• Thursday: Alphabet, Amazon, Apple, NYT, Time Warner
  • Friday: Charter, Sprint

Big things we're watching:

  • Facebook: How Wall Street reacts to Facebook's pivot from "time spent" as a metric of success. Facebook helped define the concept of a "monthly active user" as a metric for success early on and it has since been adopted by Wall Street and other platforms. Can they do it again?
  • AT&T: Executives seem confident a Time Warner merger will go through this year, but what happens if it doesn't? Do strategic investments in its ad tech business, like bringing on GroupM's Brian Lesser to create a monster advertising business, continue?
  • Amazon: Just how good were holiday sales for Amazon's voice assistant products? What's next for the future of its ad business and its content streaming arm?
8. 1 fun thing: Most popular Super Bowl ads over 30 years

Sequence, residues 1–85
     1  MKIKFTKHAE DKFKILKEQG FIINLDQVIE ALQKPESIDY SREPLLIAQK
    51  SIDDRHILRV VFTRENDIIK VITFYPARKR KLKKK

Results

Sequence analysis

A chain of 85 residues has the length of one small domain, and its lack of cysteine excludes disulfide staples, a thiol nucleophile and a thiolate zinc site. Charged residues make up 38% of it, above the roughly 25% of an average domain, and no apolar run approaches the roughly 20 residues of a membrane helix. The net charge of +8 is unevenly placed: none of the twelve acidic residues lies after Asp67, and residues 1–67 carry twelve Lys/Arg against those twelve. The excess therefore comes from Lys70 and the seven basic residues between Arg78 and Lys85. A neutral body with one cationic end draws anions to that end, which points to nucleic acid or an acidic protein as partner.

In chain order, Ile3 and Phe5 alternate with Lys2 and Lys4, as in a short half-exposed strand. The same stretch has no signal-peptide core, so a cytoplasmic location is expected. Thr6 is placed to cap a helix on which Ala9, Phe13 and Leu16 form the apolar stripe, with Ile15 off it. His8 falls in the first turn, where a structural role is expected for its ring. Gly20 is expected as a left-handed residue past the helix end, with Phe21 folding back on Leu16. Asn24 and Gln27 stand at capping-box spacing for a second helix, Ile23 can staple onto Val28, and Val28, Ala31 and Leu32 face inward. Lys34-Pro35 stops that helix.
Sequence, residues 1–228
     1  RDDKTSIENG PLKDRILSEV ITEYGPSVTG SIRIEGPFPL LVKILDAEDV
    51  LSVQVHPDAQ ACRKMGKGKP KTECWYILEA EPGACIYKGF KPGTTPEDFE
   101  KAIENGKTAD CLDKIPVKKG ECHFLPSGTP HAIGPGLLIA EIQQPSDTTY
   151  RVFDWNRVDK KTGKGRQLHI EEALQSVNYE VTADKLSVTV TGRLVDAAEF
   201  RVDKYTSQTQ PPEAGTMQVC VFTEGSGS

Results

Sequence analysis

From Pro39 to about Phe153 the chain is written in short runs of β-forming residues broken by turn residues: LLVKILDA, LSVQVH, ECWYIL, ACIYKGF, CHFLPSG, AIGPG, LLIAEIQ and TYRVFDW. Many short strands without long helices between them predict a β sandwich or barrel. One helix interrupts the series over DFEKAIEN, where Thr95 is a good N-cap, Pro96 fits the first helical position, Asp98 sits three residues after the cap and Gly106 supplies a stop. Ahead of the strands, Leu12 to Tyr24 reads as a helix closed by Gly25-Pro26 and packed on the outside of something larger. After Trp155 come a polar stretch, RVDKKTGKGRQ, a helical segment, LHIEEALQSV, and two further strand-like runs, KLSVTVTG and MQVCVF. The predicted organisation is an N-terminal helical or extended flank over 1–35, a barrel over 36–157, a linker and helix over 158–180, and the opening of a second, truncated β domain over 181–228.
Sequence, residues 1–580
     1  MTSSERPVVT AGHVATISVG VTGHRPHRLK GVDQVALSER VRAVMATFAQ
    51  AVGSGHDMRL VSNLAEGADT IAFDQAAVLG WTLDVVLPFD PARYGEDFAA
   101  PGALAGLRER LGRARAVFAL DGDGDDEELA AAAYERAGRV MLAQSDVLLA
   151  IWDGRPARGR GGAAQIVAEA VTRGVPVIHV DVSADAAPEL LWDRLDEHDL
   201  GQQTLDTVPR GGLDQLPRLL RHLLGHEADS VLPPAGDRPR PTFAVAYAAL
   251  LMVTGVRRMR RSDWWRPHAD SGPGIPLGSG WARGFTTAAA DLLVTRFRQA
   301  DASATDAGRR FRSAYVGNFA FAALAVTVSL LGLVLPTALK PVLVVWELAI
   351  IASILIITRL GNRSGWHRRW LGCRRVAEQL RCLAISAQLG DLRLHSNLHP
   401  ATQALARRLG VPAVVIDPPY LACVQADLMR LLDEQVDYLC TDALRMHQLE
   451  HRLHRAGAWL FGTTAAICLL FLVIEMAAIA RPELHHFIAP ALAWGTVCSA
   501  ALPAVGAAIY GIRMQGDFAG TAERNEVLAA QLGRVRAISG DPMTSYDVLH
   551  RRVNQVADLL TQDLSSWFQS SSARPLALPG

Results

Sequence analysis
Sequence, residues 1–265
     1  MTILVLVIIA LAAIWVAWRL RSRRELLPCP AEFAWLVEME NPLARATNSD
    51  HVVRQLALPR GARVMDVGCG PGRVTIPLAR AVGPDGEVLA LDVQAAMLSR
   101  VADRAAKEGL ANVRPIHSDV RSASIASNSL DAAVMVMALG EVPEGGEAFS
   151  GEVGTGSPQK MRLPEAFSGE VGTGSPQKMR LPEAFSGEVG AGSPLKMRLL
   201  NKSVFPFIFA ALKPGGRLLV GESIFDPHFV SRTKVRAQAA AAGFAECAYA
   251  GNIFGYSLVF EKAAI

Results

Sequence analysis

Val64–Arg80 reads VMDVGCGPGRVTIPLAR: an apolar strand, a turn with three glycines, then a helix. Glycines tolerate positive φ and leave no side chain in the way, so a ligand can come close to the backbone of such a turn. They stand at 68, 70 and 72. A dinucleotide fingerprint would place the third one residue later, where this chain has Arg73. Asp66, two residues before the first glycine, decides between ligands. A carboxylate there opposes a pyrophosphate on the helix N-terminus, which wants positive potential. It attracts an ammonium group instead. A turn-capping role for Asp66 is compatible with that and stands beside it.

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Data: Super Bowl Ad Meter; Chart: Lazaro Gamio / Axios

Ad Meter—the annual industry barometer that measues public opinion on Super Bowl commercials, is turning 30 this year.

The poll, sponsored and published for decades by USA Today Networks, has seen immense growth in recent years, so much so that it's launching a 30-on-30 bracket for viewers to vote on their favorite commercials from the past 30 years — March Madness style.

A few themes:

  • Animals rule: In the first 29 years of Ad Meter, 16 of the 30 (53 percent) winning commercials—two ads tied for the top spot in 2011—featured animals.
  • Food is a close runner-up: More than a third of all the Ad Meter winning commercials (11 of 30, 36 percent) have been for a soft drink, snack food, candy or fast food restaurant.
  • Star power works: Over the years, celebrities in general have helped push commercials over the top, with 7 out of 30 (23 percent) winning commercials featuring a celebrity.
  • Anheuser-Busch has won a record 14 Ad Meter titles—more than any other brand.
  • Pepsi was king for the first decade. It won six times in the 1990s, including four straight years from 1994 to 1997. The brand hasn't won since 1997.
Sara Fischer